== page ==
Osmond makes sure to focus on the people foremost, and the sport second, chronicling how these rough common folk are treated with disdain when they insert themselves into the top-hat-and-kerchiefs crowd. Tony Kerby, a gruff sort with a wandering eye, even snuck in sandwiches and beer to their first outing because he didn't want to overpay for his lager and lunch.

Finally Dream won the prestigious Welsh Grand National and became an international story, but then follows trial and tribulation when the horse suffers a devastating injury. Most racers would've been put down, but the syndicate from the wee town pooled its winnings to try a then-experimental procedure using stem cells.

It's a commentary, delivered with subtlety rather than seething outrage, about a racing industry that often treats these noble animals as disposable fodder for their whims. The syndicate members were unanimous: He won all this money, so it belongs to him. Do the surgery.

In the end Dream Alliance raced and won again, though all the medical care cut the villagers' earnings down to nearly nothing. It's clear these people, who sometimes literally struggle to put food on the table, couldn't care less. They were taking care of a member of their family.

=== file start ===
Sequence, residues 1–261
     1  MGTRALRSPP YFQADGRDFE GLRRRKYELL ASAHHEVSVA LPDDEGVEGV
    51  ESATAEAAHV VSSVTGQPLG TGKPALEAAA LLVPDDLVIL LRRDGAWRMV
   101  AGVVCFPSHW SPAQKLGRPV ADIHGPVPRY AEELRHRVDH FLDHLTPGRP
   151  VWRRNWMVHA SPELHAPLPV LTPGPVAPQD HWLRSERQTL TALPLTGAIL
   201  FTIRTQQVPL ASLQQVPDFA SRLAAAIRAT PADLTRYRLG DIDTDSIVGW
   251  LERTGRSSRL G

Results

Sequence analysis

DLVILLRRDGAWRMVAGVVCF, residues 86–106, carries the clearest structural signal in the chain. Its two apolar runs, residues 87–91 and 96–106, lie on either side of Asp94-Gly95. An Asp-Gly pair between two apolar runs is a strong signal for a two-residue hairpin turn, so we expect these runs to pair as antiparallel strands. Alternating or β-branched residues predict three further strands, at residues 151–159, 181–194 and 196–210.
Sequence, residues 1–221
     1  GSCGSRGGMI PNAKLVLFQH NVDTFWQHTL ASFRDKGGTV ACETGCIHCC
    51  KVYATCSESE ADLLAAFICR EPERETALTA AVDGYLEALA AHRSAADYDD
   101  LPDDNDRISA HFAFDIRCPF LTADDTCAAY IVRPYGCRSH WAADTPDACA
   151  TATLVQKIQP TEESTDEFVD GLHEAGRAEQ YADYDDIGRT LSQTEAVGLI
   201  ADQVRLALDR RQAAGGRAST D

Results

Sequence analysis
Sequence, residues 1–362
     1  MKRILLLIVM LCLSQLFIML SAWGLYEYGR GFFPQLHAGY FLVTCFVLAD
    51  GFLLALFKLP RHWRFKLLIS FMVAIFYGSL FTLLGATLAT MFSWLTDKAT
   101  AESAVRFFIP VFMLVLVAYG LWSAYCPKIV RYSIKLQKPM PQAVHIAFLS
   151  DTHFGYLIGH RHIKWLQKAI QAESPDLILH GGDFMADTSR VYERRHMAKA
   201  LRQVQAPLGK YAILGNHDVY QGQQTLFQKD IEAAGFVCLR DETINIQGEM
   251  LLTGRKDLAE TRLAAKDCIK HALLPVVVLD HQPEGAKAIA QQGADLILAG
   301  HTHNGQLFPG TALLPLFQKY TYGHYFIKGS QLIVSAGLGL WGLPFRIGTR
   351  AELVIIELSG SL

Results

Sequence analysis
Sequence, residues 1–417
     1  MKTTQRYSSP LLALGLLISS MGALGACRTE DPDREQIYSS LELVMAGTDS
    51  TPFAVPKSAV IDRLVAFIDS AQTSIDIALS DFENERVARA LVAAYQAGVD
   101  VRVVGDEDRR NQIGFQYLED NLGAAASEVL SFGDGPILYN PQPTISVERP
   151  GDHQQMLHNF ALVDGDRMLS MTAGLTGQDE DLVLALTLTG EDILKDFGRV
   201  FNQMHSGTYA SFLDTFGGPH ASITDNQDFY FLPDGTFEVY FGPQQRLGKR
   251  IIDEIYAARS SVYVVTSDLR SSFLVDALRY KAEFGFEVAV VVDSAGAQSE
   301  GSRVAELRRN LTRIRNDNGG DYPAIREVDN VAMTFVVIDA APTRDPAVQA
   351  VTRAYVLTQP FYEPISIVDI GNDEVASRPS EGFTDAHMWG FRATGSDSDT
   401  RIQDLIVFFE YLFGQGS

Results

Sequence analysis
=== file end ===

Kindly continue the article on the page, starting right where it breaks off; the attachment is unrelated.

"All through my life, I've never been me," Jan says near the end, talking about how the Welsh lower classes in these forgotten mining towns are expected to work hard and silently play the roles assigned to them: daughter, sister, wife, worker. Here was a chance for her and some of her mates to strive for something else.

Review: "Weiner"

“I hope that it’s more than a punchline kind of thing.”

This is Anthony Weiner at the end of the documentary that bears his name, speaking his hopes and predictions about the film we are watching. The former Democratic congressman and New York City mayoral candidate believes making it was still a worthwhile endeavor, and says he doesn’t regret granting directors Elsye Steinberg and Josh Kriegman almost constant access to his every move for months in 2013.

Still, he knows the film will gain attention for the same thing he did: sexting.

“Disgraced” is a word that is so synonymous with Weiner that it’s practically become a (dis)honorific title that perpetually precedes his name, like Colonel or Judge. In 2011 Weiner, who’d deservedly gained a reputation as a sharp-elbowed partisan, resigned from Congress after it was revealed he’d exchanged racy texts with women other than his wife, Huma Abedin, including a photo of his crotch bulging inside his underwear.